Whilst Andrews drawings are guided by a sense of naturalistic form, they move beyond this into something more. His images evolve and bloom into compositions that feel guided by processes of repetition and contemplation.
-How would you describe your work?
Within my art practice, I aim to explore the cycle of life and death – two massive concepts I know.
I try to describe the beauty and fragility in the transition of life to death.
I find my works often reference the intricacies of the natural world, focusing especially on flora and fauna and are realised through ink drawings, light works, hand cut paper works and kinetic sculptures.
-Where do you find inspiration?
I am really fascinated by nature and this is my main source of inspiration. I love it’s delicate beauty, variety, complexity and detail.
I also find a lot of inspiration in materials, how loaded with meaning they can be and the different readings that can be created from combining various materials together.
-How does the local landscape and environment feed into your work?
As an artist I think it’s really important to respond to your environment. Whether that is subversive or literal I think traces of my surroundings are present within my work, mostly through sight specific interactions with nature. For example, with a recent artwork I wanted to create an interaction with butterflies that were native to a particular region in Perth W.A, as I was living there at the time. I knew I needed to do it in a very respectful and considered way. I have used dead butterflies in my work for many years and I thought it was time I looked at the whole life cycle. I suspended the living pupas inside a glass dome and timed it so they would hatch on opening night, then once they had hatched, they were released into the surrounding gardens.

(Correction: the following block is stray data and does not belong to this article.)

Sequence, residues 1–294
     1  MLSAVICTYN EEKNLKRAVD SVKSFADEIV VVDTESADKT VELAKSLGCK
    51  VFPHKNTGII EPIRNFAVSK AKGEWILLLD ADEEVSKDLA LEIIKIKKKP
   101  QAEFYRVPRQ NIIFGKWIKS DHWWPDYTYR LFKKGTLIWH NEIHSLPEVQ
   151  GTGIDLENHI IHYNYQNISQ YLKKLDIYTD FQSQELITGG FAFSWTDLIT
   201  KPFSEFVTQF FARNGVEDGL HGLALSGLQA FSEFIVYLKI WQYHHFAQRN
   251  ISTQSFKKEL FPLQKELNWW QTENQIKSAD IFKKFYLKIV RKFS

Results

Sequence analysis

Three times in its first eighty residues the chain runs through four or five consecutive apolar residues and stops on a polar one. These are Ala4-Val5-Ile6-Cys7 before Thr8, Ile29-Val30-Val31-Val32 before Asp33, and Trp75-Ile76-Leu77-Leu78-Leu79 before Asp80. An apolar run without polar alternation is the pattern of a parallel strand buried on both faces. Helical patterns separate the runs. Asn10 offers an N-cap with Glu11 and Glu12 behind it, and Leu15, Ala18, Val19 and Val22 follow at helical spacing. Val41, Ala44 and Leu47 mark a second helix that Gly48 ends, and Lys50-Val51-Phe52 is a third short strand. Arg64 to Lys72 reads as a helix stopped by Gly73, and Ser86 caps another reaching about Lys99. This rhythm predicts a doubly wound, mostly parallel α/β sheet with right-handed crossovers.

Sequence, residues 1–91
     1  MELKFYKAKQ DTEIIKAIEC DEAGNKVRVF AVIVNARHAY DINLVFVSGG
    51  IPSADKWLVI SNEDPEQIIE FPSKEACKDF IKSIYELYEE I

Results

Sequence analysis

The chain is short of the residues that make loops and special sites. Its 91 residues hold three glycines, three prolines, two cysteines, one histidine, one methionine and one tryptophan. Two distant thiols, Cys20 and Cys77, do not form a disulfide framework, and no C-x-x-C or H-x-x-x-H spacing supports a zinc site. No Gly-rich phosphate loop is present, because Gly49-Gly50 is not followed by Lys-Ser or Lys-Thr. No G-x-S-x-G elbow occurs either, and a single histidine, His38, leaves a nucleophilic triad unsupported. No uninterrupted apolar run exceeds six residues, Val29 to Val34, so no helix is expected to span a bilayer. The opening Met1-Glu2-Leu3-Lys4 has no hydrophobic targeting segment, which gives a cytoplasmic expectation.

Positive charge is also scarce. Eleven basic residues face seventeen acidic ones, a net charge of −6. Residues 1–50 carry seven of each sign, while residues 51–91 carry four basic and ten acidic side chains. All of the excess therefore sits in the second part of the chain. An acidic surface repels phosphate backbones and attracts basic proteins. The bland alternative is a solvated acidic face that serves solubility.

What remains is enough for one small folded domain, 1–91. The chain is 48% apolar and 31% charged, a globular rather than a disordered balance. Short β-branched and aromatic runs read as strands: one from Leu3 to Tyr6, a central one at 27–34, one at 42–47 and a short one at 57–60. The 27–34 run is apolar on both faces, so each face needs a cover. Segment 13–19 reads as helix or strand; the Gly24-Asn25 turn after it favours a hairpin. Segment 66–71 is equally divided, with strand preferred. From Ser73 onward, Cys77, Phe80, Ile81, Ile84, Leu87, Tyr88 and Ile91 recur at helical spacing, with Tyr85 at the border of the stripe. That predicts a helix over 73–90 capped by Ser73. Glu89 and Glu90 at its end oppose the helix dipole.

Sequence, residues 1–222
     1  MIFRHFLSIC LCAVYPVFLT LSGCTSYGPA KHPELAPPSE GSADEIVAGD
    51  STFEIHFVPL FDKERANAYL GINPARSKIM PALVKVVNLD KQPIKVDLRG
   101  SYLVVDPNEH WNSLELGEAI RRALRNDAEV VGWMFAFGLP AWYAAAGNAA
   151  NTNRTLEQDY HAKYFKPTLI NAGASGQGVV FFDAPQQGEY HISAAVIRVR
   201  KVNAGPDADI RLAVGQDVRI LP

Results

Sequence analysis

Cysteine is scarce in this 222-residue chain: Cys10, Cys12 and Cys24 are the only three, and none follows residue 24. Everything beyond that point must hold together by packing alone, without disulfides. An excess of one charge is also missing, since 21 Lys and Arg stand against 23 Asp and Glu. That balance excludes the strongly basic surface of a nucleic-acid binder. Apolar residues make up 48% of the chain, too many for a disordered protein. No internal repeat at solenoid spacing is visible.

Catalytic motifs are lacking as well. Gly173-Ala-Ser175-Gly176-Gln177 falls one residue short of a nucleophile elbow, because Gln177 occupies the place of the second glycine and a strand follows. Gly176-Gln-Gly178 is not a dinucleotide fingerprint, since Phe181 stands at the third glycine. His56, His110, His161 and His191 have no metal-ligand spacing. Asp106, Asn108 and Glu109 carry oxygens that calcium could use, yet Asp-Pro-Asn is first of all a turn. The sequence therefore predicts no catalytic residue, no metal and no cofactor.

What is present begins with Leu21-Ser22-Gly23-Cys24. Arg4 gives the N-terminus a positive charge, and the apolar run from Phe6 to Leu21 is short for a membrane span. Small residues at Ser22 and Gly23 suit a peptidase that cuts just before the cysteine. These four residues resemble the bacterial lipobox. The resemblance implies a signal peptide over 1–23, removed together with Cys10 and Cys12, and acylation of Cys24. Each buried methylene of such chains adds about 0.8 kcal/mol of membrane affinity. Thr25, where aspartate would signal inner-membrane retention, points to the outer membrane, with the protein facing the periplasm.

-Can you talk about your style, what kind of process do you use and how has it developed over the years?
My father was a botanical illustrator; he used to teach my sister and I after school and on the weekends, I remember as a child he showed me a printed line under a microscope. It was made up of tiny single pixels.
This was the first time I began to explore the idea of using only dots to create a form.
The process of drawing I use is called stippling, each image is made of thousands of tiny dots.
It takes me around an hour to produce a 2 cm square, simply due to the fineness of the pen that I use and the weight of the mark it makes.
-What do you enjoy most about being an artist? What are the challenges?
I get the most enjoyment from the end result, from the audience interacting with and responding to the works.
I enjoy discovering new process and pushing my practice to new creative levels. I also enjoy the refinement of a certain idea or technique.
The challenges are mostly time and money – and not having enough of either. Haha.
-Advice for aspiring artists?
I think with any creative industry, but particularly the arts, commitment and dedication are really rewarded in the long run. Even when it borders on obsession.
I would advise them to just keep making new work and to try and create something new every single day. Also to focus on their personal style and to strive to perfect their craft.